Having made an ongoing commitment to bring gender parity to animation by 2025, WIA’s mentorship program connects women and gender non-binary individuals at all levels of the industry—and who are pursuing a variety of creative roles—to knowledgeable mentors, who can advise them on their next professional steps, and help them meet their career goals. While the 2021 program was conceived with women of color in mind, applications are open to all.
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Though the Covid-19 pandemic has made in-person gatherings trickier, the quarantine period has inspired WIA to go virtual, launching a proprietary online platform, for the organization and management of mentorship groups. The organization’s embrace of virtual meetings means that it will be able to offer its services to a wider pool of animation talents. This year, 45 mentors (including some recruited and referred by WIA’s new partners) are expected to offer their time and share their industry skills with up to 400 mentees.
While the program started out in 2014 with only eight 1-on-1 pairings of mentors and mentees, its growth since has been exponential, with over 1,000 individuals benefiting from it. “We’re so proud of the tremendous success of this program,” said WIA President Marge Dean, “and the many careers the program has supported and inspired over the years.”
In terms of life experience and background, the 2021 Spring mentor pool is quite diverse. 73% are women/non-binary, and at least 48% are BIPOC, while 40% are internationally based. “I’m super excited to see this round of circles reflect the amazing range of perspectives, voices, and talents that can help the animation industry continue to grow and thrive,” said Aydrea Walden, who serves as WIA’s Mentor Coach.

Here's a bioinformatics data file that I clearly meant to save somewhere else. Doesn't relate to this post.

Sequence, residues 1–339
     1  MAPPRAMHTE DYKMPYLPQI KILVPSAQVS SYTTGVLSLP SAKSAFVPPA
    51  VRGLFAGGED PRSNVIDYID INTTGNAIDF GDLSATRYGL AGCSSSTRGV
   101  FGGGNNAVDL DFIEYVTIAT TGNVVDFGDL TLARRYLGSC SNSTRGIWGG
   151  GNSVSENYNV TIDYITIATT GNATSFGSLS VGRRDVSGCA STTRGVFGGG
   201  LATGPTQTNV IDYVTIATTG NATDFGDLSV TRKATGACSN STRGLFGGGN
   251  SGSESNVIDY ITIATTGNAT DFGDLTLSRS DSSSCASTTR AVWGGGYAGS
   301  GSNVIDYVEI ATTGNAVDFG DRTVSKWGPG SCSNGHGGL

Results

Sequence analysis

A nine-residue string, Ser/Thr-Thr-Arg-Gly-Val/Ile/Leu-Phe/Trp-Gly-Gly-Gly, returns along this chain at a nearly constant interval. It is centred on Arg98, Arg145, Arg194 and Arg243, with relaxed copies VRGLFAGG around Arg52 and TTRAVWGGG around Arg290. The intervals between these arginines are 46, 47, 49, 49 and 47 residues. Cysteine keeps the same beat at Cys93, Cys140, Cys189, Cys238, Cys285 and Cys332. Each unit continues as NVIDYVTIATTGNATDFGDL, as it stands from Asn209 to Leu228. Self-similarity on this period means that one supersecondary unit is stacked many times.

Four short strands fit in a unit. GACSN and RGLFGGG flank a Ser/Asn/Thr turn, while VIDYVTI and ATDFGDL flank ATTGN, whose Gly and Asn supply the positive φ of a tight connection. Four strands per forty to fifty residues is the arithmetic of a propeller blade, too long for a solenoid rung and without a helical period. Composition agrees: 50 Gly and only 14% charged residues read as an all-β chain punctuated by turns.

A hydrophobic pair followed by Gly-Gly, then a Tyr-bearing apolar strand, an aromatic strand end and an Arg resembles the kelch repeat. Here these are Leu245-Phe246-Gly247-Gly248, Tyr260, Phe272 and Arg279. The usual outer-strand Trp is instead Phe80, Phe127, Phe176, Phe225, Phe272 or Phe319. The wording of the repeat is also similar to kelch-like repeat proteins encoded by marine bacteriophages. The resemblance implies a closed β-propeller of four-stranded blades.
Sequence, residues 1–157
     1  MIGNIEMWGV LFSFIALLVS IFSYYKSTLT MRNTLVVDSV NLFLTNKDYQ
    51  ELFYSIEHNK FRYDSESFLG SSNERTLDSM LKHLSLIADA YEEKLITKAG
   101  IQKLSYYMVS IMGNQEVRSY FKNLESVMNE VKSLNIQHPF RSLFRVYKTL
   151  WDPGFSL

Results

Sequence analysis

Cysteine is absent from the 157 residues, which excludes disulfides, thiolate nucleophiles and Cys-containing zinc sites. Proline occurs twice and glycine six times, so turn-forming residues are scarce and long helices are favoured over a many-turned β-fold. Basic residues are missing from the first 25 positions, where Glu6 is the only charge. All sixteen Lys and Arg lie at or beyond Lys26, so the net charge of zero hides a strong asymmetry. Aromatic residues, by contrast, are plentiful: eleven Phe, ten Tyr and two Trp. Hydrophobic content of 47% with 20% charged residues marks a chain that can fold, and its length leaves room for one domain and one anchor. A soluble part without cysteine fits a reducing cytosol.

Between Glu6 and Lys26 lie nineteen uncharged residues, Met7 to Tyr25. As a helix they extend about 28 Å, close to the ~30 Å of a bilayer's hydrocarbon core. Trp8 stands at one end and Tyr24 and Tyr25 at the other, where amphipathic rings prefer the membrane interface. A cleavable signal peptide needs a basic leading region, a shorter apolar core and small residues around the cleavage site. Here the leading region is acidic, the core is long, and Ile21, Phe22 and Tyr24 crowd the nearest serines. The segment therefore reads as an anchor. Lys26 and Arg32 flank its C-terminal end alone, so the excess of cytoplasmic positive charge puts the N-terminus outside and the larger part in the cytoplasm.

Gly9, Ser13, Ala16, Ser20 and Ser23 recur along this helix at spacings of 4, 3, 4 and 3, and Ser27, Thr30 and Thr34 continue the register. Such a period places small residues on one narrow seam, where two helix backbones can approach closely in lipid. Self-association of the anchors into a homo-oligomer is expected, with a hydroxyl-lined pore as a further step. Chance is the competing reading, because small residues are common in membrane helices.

WIA’s partner organizations are equally eager to kick off this year’s sessions.
“We’re very excited to be partnering with WIA… By having more mentors of color in these types of spaces it emphasizes that women of color, especially black women, are leaders in this industry – as they are often overlooked,” said Black N’Animated co-founders, Waymond Singleton and Breana Williams. “They are and always have been here, and are an inspiration for up and coming animation professionals.”
“Opportunities like these that are intentional and intersectional are often limited to a smaller cohort,” noted Bryan Dimas, co-founder and co-director of LatinX in Animation. “With WIA’s reach and the collective communities their Mentor Circles engage, we’re excited to scale our joint impact and support a vibrant generation of animation professionals.”
Added Rise Up Animation co-founder Monica Lago-Kaytis: “Mentoring the next generation of creative people of color and especially women of color in animation is a gift that we get to pay forward as industry professionals. We need to raise those diverse voices up now!”
Menteee applications will be accepted beginning March 31, and subsequently, mentor-mentee circles will take place over the course of four months. For the first time ever, WIA members—as well as members of their three partner organizations—will be permitted to apply for free.
A non-profit designed to support the creation of “richer and more diverse entertainment and media that move our culture forward,” Women In Animation was founded in 1995.
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